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Artist Case Studies
Glenys Barton 3D printed efflorescence glazed ceramic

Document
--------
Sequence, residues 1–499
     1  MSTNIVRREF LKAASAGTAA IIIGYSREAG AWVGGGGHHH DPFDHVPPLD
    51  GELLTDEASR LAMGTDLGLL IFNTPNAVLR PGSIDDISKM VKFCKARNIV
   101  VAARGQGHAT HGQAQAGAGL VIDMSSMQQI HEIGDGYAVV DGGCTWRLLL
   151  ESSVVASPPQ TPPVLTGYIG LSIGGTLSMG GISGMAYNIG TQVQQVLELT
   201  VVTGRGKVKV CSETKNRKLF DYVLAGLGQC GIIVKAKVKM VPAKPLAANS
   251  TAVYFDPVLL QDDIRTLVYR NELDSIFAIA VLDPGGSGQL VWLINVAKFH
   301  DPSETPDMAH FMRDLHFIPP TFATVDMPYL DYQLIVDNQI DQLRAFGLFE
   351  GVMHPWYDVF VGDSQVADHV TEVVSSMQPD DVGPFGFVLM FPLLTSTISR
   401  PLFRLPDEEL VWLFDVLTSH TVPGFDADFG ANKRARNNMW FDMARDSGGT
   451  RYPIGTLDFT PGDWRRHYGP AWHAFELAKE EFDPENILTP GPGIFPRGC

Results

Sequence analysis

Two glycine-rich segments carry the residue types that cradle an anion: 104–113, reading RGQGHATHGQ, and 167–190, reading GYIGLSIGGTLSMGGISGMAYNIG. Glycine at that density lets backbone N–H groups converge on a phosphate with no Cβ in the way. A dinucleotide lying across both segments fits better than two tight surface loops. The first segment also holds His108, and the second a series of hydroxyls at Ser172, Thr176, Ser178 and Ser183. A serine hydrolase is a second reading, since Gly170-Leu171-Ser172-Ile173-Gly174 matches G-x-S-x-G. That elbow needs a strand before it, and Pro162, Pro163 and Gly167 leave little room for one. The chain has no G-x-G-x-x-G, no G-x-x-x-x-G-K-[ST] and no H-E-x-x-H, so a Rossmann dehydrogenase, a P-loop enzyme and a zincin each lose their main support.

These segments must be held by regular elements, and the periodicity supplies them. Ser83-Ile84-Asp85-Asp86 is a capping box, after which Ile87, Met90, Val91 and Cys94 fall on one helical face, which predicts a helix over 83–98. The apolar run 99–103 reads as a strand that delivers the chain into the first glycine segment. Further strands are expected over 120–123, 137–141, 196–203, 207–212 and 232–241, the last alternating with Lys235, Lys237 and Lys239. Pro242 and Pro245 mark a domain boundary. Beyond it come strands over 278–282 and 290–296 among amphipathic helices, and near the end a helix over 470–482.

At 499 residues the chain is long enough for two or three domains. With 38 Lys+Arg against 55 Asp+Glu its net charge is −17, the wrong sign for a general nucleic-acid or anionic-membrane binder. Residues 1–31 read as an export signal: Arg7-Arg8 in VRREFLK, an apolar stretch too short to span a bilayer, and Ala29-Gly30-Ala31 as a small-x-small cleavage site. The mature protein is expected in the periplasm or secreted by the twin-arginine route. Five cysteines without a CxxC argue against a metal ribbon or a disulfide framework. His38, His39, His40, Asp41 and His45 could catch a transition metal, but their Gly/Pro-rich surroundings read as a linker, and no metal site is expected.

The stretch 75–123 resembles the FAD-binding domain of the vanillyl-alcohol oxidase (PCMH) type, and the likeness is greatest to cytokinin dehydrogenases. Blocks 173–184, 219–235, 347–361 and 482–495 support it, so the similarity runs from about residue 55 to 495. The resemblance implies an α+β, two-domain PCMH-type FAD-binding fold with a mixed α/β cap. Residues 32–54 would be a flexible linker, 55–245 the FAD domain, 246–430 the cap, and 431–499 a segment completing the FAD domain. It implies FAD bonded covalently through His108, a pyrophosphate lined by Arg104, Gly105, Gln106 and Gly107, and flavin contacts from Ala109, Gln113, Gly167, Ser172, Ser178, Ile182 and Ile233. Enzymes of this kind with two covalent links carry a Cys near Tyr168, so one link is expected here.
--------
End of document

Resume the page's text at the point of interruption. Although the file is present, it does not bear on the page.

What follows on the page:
Glenys Barton (b. Stoke-on-Trent, UK, 1944) is a sculptor working mainly in ceramic and bronze. She trained at the Royal College of art 1968-71 and her work has been collected and exhibited widely, in Britain and abroad. Barton was one of the few British sculptors working mainly in ceramic in the 70s. Her precise geometrical forms made her work highly distinctive. She gained quick success after graduating and was the British prize winner at the International Ceramics Exhibition in 1972. Angela Flowers offered Barton her first solo exhibition in London which resulted in a career-long partnership with (what is now) Flowers Gallery and Barton has presented regular solo exhibitions with them since 1974. Two early works are held in the Ceramics Galleries at the Victoria & Albert Museum which illustrate her distinctive early fanatical concern for precision and interest in the use of industrial processes of ceramic production. These preoccupations led to an invitation to collaborate with Wedgwood. As artist-in-residence 1976-78 she worked with the Wedgwood Factory, Barlaston, Stoke-on-Trent to produce 26 sculptures. Since the 1980s her work has centred on the human form, the head in particular. She is best known for her ceramic portrait sculptures and became widely recognised in 1993 when her ‘Jean Muir’ was shown in the 'Portrait Now' exhibition at the National Portrait Gallery, London. The NPG subsequently added a Jean Muir figure to their collection and commissioned a sculpture of Glenda Jackson. Barton's Helena Kennedy and a head of Jean Muir are in the collection of the Scottish National Portrait Gallery.